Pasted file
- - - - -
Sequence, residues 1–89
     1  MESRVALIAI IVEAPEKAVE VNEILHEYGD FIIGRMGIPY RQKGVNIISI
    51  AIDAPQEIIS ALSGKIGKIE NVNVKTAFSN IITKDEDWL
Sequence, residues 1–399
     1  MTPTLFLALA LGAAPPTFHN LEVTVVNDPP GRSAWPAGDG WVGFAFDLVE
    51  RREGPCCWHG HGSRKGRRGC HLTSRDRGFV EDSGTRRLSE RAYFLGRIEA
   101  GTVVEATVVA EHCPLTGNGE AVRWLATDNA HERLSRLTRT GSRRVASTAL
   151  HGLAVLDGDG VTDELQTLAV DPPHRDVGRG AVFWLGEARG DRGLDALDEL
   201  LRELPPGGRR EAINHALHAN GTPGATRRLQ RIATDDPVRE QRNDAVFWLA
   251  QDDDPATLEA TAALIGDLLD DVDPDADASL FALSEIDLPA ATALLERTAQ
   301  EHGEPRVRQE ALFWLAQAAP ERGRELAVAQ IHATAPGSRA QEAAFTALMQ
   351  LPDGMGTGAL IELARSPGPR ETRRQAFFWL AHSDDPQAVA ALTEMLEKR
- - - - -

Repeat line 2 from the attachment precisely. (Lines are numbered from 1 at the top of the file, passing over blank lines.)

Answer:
     1  MESRVALIAI IVEAPEKAVE VNEILHEYGD FIIGRMGIPY RQKGVNIISI